SUPPORT FOR CONVICTED JOURNALISTS

WHAT CONVICTED JOURNALISTS WROTE

Sunday, 27 July 2014

COURT SILENCES SWAZI JOURNALISTS



A threat by a Swaziland High Court judge to jail journalists that criticise decisions made by the law courts has hit home.

Chair of the Swaziland Editors’ Forum Mbongeni Mbingo declined to comment on the statement by Judge Mpendulo Simelane for fear of committing a contempt of court.

Mbingo had been asked by local media to comment on the jailing for two years of Bheki Makhubu, editor of the Nation magazine, and Thulani Maseko, a human rights lawyer and writer. The pair had written articles critical of Chief Justice Michael Ramodibedi and the Swaziland judiciary.

Passing sentence Judge Simelane said that publishing articles in the Nation critical of the judiciary was ‘a defiance campaign against the Courts and the administration of justice. The Courts have an obligation to discourage such conduct in the interest of the stability of our country.’

He added, ‘No one, I repeat, has a right to write scurrilous articles in the manner the Accused persons did.  Such conduct destroys public confidence in the Courts, without which this country cannot function effectively.  The Courts hence have to use the very ammunition of Contempt of Court in self-protection from journalists like the Accused persons.’

He added, ‘Swaziland is a sovereign state.  Her laws and constitutional structures must be respected.  It is the fundamental responsibility of the Courts in this country to ensure that this is achieved through appropriately stiff sentences as a deterrent.’

Mbingo, who is chief editor of the Swazi Observer newspaper group, which is in effect owned by King Mswati III, sub-Saharan Africa’s last absolute monarch, was reported by a rival newspaper, the Swazi News, saying, ‘he couldn’t comment on the judgment because doing so would probably constitute contempt of court but insisted that he was at pains, following yesterday’s events’.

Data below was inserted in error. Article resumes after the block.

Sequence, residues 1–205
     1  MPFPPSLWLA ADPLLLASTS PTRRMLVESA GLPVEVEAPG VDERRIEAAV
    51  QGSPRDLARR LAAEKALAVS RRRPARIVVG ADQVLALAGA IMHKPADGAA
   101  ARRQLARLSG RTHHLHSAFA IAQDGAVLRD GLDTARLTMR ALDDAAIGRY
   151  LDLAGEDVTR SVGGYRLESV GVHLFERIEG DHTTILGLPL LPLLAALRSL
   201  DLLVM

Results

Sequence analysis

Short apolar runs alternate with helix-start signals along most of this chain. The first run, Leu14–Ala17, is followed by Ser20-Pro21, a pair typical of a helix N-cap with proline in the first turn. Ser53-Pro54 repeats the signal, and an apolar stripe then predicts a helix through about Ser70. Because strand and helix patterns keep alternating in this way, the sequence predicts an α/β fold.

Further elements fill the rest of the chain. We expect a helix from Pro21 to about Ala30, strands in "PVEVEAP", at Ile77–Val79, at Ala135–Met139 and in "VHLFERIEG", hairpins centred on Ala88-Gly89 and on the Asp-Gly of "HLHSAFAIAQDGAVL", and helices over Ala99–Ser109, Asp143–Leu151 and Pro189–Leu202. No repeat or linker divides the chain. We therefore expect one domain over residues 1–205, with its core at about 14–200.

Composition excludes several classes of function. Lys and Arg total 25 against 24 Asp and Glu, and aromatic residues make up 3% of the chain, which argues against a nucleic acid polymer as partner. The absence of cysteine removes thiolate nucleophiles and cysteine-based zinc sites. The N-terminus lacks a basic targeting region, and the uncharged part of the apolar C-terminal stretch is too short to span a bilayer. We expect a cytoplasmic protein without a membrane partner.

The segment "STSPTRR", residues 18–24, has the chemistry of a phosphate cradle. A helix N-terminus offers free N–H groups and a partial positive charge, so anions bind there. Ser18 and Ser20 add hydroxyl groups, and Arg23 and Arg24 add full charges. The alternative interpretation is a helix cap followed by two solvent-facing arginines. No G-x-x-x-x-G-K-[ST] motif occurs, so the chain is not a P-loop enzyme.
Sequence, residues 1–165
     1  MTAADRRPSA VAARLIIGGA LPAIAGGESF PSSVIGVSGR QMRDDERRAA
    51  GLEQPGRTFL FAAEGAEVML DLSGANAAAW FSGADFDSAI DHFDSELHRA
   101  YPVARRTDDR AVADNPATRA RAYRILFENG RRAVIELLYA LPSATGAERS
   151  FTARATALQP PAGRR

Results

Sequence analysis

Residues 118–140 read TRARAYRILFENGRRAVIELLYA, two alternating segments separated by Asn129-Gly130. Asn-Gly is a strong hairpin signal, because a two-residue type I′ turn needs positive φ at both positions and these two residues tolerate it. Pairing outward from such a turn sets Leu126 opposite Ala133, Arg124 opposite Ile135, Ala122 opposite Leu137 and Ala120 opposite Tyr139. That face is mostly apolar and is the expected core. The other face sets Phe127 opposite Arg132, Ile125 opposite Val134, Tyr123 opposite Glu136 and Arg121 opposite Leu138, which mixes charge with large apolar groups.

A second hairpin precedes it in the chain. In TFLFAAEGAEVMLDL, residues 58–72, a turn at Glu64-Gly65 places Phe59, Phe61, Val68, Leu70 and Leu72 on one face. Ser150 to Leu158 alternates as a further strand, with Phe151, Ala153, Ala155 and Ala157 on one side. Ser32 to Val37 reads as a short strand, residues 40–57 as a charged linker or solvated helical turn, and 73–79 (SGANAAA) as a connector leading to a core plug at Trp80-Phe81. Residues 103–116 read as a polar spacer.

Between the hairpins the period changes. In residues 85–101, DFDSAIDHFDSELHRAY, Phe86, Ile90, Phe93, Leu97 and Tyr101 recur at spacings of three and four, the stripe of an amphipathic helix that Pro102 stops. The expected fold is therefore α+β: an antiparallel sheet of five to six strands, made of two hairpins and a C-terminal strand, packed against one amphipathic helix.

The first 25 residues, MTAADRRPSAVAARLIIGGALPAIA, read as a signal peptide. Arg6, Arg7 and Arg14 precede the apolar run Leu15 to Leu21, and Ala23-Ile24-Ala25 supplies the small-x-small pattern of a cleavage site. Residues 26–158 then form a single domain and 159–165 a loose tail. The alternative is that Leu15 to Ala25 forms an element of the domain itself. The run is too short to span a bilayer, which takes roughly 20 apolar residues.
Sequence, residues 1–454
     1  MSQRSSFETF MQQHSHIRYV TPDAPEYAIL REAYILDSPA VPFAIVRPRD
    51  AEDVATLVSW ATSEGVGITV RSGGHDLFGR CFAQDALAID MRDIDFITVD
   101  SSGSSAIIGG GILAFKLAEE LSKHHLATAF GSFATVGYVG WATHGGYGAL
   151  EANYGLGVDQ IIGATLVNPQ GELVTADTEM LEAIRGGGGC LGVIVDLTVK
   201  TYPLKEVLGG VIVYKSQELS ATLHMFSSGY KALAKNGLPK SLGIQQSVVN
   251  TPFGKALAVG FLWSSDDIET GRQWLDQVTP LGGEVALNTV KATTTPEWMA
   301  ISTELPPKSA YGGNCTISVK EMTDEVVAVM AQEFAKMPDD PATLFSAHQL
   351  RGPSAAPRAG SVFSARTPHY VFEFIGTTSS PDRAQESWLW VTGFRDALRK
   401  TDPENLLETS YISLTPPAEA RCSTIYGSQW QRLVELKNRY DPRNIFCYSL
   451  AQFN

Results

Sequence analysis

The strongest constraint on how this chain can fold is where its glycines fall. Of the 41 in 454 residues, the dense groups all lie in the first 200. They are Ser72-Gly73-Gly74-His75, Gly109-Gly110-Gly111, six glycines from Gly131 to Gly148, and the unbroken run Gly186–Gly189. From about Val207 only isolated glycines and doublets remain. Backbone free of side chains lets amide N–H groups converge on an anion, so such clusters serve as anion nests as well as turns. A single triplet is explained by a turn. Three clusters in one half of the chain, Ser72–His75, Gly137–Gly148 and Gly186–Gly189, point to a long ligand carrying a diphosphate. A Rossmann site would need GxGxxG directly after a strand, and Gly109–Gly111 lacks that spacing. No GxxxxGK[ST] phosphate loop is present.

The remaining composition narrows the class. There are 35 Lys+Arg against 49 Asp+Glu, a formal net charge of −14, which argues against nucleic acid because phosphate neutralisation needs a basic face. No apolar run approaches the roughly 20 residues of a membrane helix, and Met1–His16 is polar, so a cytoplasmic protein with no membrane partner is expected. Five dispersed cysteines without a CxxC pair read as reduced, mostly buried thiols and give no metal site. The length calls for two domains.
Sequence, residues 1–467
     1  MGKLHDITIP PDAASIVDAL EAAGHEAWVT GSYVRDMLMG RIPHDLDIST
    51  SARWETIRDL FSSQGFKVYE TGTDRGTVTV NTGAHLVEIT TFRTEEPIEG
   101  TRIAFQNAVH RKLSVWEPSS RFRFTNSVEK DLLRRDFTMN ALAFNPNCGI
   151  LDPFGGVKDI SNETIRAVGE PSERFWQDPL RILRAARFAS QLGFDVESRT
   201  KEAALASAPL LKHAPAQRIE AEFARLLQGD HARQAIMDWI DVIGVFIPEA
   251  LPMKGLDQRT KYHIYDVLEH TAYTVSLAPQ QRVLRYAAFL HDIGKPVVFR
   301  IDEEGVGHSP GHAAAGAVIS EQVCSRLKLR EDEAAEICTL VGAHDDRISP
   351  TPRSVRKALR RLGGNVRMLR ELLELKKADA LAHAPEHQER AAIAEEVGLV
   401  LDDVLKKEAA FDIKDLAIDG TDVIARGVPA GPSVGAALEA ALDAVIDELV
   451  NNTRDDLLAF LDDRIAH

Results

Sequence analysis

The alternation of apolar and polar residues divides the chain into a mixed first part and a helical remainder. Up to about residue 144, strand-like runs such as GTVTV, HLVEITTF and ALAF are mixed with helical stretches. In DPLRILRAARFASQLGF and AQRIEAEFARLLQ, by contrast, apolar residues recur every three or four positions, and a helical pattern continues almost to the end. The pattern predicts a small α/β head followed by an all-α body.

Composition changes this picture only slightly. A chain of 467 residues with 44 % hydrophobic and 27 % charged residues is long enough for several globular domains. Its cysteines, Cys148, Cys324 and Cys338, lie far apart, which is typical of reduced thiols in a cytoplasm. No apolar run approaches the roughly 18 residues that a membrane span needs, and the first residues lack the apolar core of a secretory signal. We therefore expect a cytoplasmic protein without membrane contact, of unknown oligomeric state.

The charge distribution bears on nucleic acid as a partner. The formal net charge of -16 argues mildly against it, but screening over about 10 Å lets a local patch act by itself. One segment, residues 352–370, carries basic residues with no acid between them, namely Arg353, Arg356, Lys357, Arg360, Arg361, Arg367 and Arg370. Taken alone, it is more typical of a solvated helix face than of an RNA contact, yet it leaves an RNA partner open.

The Swazi News quoted Mbingo saying the two-year sentences were ‘alarming’.

Mbingo said, ‘Bheki Makhubu is a member of the Editors’ Forum, he is a senior editor and he is highly regarded in the profession. Therefore, today has been a very sad day for all of us in the profession.

‘The sentence is alarming to us in the industry. I have been following the case as a journalist, as editor and a colleague to Bheki, but I never saw this coming. I didn’t think the sentence could be this drastic.’

He added, ‘I think we will obviously have to look at it and study it as media personnel to understand where the judge is coming from and to understand where the infringement was in order to ensure that we don’t find ourselves in the same situation.  

‘More than anything it’s important for us to understand what we stand for as a profession; it’s important to understand our role in society. We need to perform our role in society as respectfully as we can and also as unafraid as possible.’
Meanwhile, the Lawyers for Human Rights in Swaziland (LHRS) expressed ‘shock and disbelief’ at the jailing of the two journalists.

Secretary of the LHRS Sipho Gumedze said, ‘The tone that was used by the court was very unfortunate. Somewhere within the judgment, the court said it wanted to send a clear message to all journalists in Swaziland. As an association, we have serious misgivings about that.

‘The use of that tone was unwarranted.

‘The court was supposed to confine itself to the matter at hand and not to be political and personal because the court’s fundamental duty is to serve justice.’

Chairman of the LHRSMaxwell Nkambule said Judge Simelane’s sentence had dashed hopes on the independence of the judiciary and the role of courts to uphold the Constitution.

‘True we saw it coming but to think the court would unashamedly disrespect the basics on the protection of rights. Such is disgusting to say the least. The court is essentially saying there is no freedom of expression and free press,’ he said.

Vincent Ncongwane, Secretary General of the Trade Union Congress of Swaziland (TUCOSWA), said, ‘The arrest, conviction and sentence of Maseko and Makhubu is very unfortunate and has no space in the modern democratic society.

‘The federation was seriously shocked at the tone the court used when delivering the judgment, it was scaring to say the least.’